“Please stop and take a moment to think about signing up to the organ donor register. It doesn’t take long to do and your decision could provide the most incredible gift of life for the many children like Monica who are waiting for a transplant.”
Between 1 April 2015 – 31 March 2016, surgeons at GOSH performed:
- 26 kidney transplants
- 15 heart transplants
- 7 lung transplants
Organ donation is a relatively rare event in the UK, because although more than half a million people die each year, only around 1 in every 100 do so in circumstances which allow organs to be donated. It’s therefore vital to have as many people as possible signed up to the register.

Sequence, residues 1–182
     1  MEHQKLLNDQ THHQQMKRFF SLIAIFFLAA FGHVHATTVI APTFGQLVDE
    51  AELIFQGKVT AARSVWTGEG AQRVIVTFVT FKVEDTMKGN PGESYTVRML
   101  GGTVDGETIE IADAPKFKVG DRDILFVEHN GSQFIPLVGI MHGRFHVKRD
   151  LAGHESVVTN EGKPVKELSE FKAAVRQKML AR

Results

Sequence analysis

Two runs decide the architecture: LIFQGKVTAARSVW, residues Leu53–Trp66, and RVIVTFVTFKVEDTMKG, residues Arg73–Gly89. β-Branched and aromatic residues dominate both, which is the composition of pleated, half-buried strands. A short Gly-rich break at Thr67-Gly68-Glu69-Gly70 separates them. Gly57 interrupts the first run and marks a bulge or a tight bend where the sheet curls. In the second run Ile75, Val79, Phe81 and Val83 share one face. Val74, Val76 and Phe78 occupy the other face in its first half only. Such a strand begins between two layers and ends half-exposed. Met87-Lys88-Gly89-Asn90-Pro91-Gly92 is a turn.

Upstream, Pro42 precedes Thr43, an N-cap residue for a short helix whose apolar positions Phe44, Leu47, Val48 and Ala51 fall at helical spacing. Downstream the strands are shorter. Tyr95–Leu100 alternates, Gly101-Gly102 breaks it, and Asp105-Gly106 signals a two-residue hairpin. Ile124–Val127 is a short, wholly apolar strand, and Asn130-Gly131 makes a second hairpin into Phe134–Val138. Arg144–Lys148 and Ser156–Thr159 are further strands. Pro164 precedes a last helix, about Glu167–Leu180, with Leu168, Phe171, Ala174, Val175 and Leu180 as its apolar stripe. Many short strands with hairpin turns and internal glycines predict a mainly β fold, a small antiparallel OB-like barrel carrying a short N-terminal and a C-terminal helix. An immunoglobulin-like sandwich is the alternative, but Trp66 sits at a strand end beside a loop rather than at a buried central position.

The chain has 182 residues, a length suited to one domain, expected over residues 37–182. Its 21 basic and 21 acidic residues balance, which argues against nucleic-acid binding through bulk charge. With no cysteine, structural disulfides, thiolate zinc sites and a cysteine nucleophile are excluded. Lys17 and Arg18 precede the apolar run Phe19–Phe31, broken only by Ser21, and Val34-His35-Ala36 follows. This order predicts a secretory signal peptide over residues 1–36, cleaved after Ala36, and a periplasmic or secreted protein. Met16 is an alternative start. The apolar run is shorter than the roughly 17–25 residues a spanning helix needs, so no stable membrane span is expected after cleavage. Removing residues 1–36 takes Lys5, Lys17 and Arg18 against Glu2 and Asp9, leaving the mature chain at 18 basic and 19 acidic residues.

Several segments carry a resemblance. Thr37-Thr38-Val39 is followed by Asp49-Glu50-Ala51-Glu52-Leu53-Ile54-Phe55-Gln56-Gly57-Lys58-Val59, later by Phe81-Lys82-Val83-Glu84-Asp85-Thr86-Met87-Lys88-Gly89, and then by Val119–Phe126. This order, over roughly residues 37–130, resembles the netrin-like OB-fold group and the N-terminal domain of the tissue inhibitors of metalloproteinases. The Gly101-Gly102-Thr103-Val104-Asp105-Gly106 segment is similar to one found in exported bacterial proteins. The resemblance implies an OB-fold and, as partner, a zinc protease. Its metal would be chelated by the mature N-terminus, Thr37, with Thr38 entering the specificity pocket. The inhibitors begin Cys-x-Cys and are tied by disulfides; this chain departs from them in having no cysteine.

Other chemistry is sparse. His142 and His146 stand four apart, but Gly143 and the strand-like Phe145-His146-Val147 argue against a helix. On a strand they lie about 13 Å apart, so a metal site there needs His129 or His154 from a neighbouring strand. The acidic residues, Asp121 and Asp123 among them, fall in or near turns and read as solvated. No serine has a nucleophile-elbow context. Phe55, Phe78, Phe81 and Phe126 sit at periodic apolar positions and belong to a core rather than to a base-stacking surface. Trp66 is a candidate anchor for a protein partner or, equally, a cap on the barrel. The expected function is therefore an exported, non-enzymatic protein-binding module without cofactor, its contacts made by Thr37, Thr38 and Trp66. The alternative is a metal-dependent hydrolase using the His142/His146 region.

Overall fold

Great Ormond Street Hospital is one of the world’s leading children’s hospitals. Pioneering research and treatment gives hope to children from across the UK with the rarest, most complex and often life-threatening conditions.
To join the NHS Organ Donor Register visit www.organdonation.nhs.uk or call 0300 123 2323. Tell your family you want to donate too.
Monica, who is now two and a half, was first referred to Great Ormond Street Hospital (GOSH) when she was just a week old. Her mother Bally’s pregnancy had gone to plan, however, shortly after the birth doctors noticed Monica was having difficulties passing urine and her abdomen was beginning to puff out. Recognizing the complexity of her case, doctors sought a referral to GOSH and she was transferred by a special CATS ambulance.
Once admitted to GOSH, Monica had a blood test and just two hours later the clinical team were able to share the news that she had kidney failure. Monica’s father Sanj explains: “The diagnosis came as a total shock and it took a long time to get our heads round it.”